The Western Arrernte community of Ntaria (Hermannsburg) is based at the remote foothills of the stunning Western MacDonnell ranges, 130 kilometres west of Alice Springs, Central Australia. The township itself is the home of approximately 700 people, and the hub for 37 regional outstations and homelands.
Hermannsburg’s contact history is rich and varied, and characterised by immense, rapid change.
From the late nineteenth century, the desert peoples and their landscapes, including their Dreaming animals and their sacred waterholes, began to be occupied by alien newcomers, as well as new economies. Cattle and sheep station leases were taken up and the famous Overland Telegraph Line, completed in 1872, signified Alice Springs as the major regional centre for the vast central desert. This contact was unequivocally violent: it is estimated that between 1881 and 1891, 700 Aboriginal people were shot in the areas around Alice Springs (Isaacs 2000, p.18).
“It seems there was always an expectation that the people at Hermannsburg would be adaptable. The impact of missionaries on their world was accompanied by an expectation for changing not only concepts of themselves, but also of almost every element of their lives.”
– TRISH BARNARD
Rapid economic and social shifts – as well as a severe drought – meant that the arrival or the Lutheran Missionaries offered the Arrernte/Luritja peoples a retreat from the violence of the frontier.
Offering protection, the missionaries had a profound and long-lasting influence on the direction of the Hermannsburg community and on the people of present day Ntaria. Of course, mission life came with a cost, and Aboriginal people were expected to change their worldviews by converting to Christianity and renouncing their own cultural practices. In exchange, the missionaries provided the regularity of a Christian way of life, including food, education and shelter. By 1904 the New Testament had been translated into Arrernte and the children of the mission learnt English, as well as Arrernte and German (Isaacs 2000, pp.18-21).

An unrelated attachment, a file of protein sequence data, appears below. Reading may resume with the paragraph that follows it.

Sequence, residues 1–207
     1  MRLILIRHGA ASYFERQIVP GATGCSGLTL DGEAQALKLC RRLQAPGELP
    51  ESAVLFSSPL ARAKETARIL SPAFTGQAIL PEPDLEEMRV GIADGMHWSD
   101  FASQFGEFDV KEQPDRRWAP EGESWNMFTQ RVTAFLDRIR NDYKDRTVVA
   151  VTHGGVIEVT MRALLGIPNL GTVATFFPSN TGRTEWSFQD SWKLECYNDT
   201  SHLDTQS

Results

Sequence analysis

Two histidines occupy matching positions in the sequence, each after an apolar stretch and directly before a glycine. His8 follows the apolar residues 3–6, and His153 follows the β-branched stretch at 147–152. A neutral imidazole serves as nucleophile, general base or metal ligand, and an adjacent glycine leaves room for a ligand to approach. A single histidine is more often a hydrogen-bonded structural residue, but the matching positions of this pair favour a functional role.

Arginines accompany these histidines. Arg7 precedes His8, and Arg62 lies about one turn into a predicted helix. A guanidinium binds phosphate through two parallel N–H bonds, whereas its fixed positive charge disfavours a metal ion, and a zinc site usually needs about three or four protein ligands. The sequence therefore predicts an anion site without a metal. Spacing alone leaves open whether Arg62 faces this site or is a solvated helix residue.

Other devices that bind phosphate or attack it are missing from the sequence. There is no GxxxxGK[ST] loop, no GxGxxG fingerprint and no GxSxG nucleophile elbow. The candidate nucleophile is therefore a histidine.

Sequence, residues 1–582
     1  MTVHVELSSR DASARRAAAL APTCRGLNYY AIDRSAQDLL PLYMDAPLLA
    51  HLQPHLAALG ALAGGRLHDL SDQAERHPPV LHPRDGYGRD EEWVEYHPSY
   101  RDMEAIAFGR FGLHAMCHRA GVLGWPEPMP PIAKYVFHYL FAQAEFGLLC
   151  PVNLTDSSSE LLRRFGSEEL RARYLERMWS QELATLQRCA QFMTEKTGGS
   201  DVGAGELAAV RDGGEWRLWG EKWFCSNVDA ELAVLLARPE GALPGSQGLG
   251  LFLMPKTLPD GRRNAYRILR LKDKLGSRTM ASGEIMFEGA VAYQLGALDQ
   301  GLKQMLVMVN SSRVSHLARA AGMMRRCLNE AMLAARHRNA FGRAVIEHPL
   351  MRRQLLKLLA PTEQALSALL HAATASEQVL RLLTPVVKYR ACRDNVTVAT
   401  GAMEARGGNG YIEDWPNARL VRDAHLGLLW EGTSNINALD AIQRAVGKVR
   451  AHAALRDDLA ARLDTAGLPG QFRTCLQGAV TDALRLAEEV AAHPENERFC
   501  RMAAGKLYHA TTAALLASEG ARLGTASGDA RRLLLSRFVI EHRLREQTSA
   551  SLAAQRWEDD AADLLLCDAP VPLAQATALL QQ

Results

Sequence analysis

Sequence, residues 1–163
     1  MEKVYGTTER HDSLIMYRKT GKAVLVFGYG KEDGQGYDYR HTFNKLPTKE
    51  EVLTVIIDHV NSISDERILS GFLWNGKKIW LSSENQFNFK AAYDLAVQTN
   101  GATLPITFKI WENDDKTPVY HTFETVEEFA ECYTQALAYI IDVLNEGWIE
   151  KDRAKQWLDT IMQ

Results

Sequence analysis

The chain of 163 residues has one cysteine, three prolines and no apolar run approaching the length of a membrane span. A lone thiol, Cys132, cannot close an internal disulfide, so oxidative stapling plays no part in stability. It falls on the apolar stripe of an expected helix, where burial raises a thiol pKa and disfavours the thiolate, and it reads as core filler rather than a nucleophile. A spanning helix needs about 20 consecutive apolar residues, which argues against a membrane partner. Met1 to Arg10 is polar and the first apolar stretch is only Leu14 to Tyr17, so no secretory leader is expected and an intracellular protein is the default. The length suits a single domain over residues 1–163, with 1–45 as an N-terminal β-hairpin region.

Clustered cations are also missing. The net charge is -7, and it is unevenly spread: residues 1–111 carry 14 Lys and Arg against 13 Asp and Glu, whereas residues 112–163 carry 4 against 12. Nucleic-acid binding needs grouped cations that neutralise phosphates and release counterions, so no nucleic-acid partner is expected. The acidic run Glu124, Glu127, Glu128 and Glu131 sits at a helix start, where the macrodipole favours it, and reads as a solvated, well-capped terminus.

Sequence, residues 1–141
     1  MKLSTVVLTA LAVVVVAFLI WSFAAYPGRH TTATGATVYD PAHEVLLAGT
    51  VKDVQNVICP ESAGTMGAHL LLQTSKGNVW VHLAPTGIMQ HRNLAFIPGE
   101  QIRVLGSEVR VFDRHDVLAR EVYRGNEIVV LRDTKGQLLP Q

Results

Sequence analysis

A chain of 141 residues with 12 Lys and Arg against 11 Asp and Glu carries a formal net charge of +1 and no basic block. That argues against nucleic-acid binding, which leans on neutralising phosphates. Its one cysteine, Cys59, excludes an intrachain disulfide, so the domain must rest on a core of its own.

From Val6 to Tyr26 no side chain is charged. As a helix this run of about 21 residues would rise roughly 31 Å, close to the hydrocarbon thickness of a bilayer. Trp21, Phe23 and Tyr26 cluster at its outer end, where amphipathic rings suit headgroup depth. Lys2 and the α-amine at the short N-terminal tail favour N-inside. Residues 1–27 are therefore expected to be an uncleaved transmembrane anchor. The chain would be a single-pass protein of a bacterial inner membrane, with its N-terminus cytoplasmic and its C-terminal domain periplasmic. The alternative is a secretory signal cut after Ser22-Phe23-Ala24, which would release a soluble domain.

The missionaries in Hermannsburg, especially the pivotal contributions of the Albrecht family, have left an unquestionable legacy on the lives of the Arrernte. Pastor Albrecht oversaw the advent of a permanent water supply, new buildings and new education and training schemes. The arts were also strongly encouraged, including crafts, and eventually the Hermannsburg watercolour movement and later ceramics (Isaacs 200, p.25).
In 1975 the Aboriginal Land Rights movement lead the Mission to disable their institutional structures. In 1982 the land was handed back to the Traditional Owners and divided into five separate lease areas including the Ntaria Land Trust on which the township stands.
“Arrarnta people like to learn and work in new things. My grandmother learnt to crochet for the church, my uncles learnt watercolour painting, my grandmother Clara was Albert Namatjira’s half sister…And now, in this generation, we are first in pottery and we are travelling the world.”
– CLARA INKAMALA (HERMANNSBURG POTTERS)
Albert Namatjira’s success can in part be attributed to the desert people’s enduring adaptability and engagement with artists, including Rex Battarbee, during the mission period.
Namatjira was taught by teacher and friend Rex Battarbe, when Namatjira initiated some lessons after experiencing an exhibition of watercolour paintings in Hermannsburg 1934. Battarbee went on to open a gallery in Alice Springs in 1951. He continued to advise artists on technicalities of paintings. Namatjira went on to teach his family and kinsmen watercolour painting. Namatjira continued to paint his whole life, and by 1955 was internationally famous.
Namatjira is now internationally renowned as the first Aboriginal artist of the desert to work in contemporary media and paint European style landscapes. He was undoubtably the most famous Aboriginal person known throughout Aboriginal communities in his time.
While the first wave of Arrarnta artists were men, taught by Batterbee and Namatjira, pottery was introduced to Hermannsburg in the early 1970s by Victor Jaensch, from Barossa Valley. Jaensch advised on sourcing local clay, and built a small kiln. Two Arrernte teaching assistants, Nashasson Ungwanaka and Joseph Rontji, began the tradition of making sculptures from clay. These figures were painted and sold to tourists at the craft shop (Isaacs 2000, p.50).
These men were thus the first ‘Hermannsburg Potters’ and would go on to influence the development of artistic style of the current generation of women Potters.
In addition the current generation of Potters are strongly influenced by Namatjira’s depiction of Country, as well as his modern use of style. Many of the present day Potters recall watching Albert Namtjira work and are associated with him either directly or by kinship.